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8m
comment Seperating points in the complex plane
@MarkMcClure: By the time I'd finished typing, you'd posted your comment. Wikifying was a compromise between deleting my answer and stealing yours. :)
13m
answered Seperating points in the complex plane
15h
answered critical point for the curvature does not correspond to a local maximum/minimum.
19h
comment What is a transformation that can't have shearing called?
@WillJagy: Entirely agreed if the OP did mean "preserve arbitrary rectangles", though the wording "cannot have shearing or scaling after rotation" still suggests to me the OP meant "axis-aligned". :)
20h
comment Where is the “thread” of a river?
The medial axis of the region enclosed by the banks might be a reasonable definition. (This seems to be what @Meelo is getting at.)
20h
comment What is a transformation that can't have shearing called?
Since the set isn't closed under composition (as you say, you can't do unequal scaling after rotation; your claim about "rectangles mapping to rectangles" is true only for axis-aligned rectangles), it's conceivable these mappings have never attracted "serious" attention. Anyway, I've never seen a name given to them, but if it matters, you're looking at affine mappings whose linear part is a $2\times 2$ real matrix of the form $OD$, with $O$ orthogonal and $D$ (invertible and) diagonal.
20h
answered Question about series convergence $\sum_{n=1}^\infty \frac{1}{n}$ and $\sum_{n=1}^\infty \frac{1}{n^2}$
1d
comment Gauß and mean curvature
If you're seeking a computational argument, it may help to notice that $N \circ f^{-1} = (N \circ \Phi) \circ (f \circ \Phi)^{-1}$ for every reparametrization $\Phi$.
1d
comment Gauß and mean curvature
Ah...! What you call "the Gauss map" I'd call "the Gauss map in local coordinates". To me, $N \circ f^{-1}:M \to S^{2}$ is "the Gauss map". Anyway, does it make sense that $N \circ f^{-1}$ maps a point of $M$ to "the" unit normal at that point, and that $-D(N \circ f^{-1})$ has the stated geometric interpretation/meaning?
1d
comment Gauß and mean curvature
(Just noticed I've used "$M$" to denote the surface. I'd avoid "$S$" for the surface, lest we use a single letter to denote a surface, its shape operator, and possibly also the unit sphere.) I don't understand your notation "$L = -DNDf^{-1}$": If $f$ is a parametrization of $M$, and if $N:M \to S^{2}$ is the Gauss map, then $DN$ and $Df^{-1}$ aren't composable (regardless of whether "$Df^{-1}$" means $(Df)^{-1}$ or $D(f^{-1})$...? In case it helps, O'Neill's definition of the shape operator is (essentially) $-DN$.
1d
comment Gauß and mean curvature
The value $S_{p}(v)$ is the (signed) curvature at $p$ of the plane section of $M$ by the plane spanned by $v$ and the unit normal $U$, i.e., the reciprocal radius (up to sign) of the osculating circle to this plane section. The Wikipedia pages for the second fundamental form and principal curvature may be helpful.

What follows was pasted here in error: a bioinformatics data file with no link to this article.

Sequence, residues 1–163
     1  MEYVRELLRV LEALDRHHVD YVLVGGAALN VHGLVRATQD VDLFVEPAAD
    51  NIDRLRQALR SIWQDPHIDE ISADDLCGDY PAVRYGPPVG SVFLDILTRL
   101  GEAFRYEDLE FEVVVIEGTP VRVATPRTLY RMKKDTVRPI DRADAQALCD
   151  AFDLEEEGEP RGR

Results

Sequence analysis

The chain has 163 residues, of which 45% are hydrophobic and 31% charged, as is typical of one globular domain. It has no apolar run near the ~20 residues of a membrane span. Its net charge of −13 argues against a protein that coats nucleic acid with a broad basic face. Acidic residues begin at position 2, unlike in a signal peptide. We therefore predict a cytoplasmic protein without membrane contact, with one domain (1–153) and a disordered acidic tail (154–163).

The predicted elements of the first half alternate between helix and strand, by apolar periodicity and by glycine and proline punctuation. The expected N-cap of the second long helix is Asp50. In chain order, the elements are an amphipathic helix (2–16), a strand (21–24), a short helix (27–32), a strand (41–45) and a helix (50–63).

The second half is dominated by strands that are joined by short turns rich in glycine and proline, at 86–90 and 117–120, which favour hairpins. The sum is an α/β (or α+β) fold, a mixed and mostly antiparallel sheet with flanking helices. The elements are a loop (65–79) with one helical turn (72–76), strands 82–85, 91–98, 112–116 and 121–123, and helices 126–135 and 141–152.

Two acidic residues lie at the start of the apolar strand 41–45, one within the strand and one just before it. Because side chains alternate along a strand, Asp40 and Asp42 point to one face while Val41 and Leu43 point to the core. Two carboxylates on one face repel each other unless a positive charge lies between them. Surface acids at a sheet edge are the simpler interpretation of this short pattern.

1d
comment Why Do The Axioms of Euclidean Geometry Not Need To Include the Definition of Space?
@timax: It seems to me your primary objection/unease (and usage of the verb "exist") is philosophical, not mathematical. Separately, your post poses multiple questions covering a wide range. It's possible this site's format isn't a good match, unless you can focus your question...? Be that as it may: 1. Yes, $n$-dimensional Euclidean geometry has been studied; 2. It's (mathematically) possible to have two points without having a one-dimensional "ambient universe".
2d
answered Gauß and mean curvature
Jan
21
comment Compute a parallel transport
@Odile: You're welcome. :) It's crucial to this argument that on a sphere, geodesics lie in a plane. Think of a helix on a circular cylinder in $\Reals^{3}$.
Jan
21
answered Compute a parallel transport
Jan
20
comment Gradient of a parametric form
@uitty400: Your parametric equation for a plane is fine; the variables are $s$ and $t$. :) (Or are you counting the surface parameters $(u_{0}, v_{0})$ as well? Those are fixed to describe a tangent plane at one point. This issue is related to my uncertainty about what exactly you want to plot.)
Jan
18
comment Why is $|x|$ not differentiable at $x=0$?
@MathN00b: That's not the usual definition. :) Here's why it's not a "good" definition: If your graph were a horizontal line, say $y = 0$, then every non-horizontal line would be "tangent" by the "touches at one point" criterion. If instead your curve were a parabola, say $y = x^{2}$, then every line whatsoever would be tangent according to "touches at one point (in a neighborhood)".
Jan
18
comment Why is $|x|$ not differentiable at $x=0$?
@MathN00b: What is your definition of a "tangent line"? :)
Jan
18
answered If $f\circ g = g \circ f$ does that mean that both functions are to and from the same set and both are bijections? Does it tell us anything else?
Jan
18
comment Let P be a polynomial in R^2 and $\oint$ P(x,y)(dx + idy) = 0 for every circle $\gamma$ in $\mathbb{C}$. Prove that P is $\mathbb{C}$-differentiable.
Just asking: Do you know (of) the Cauchy-Riemann equations (and their significance)?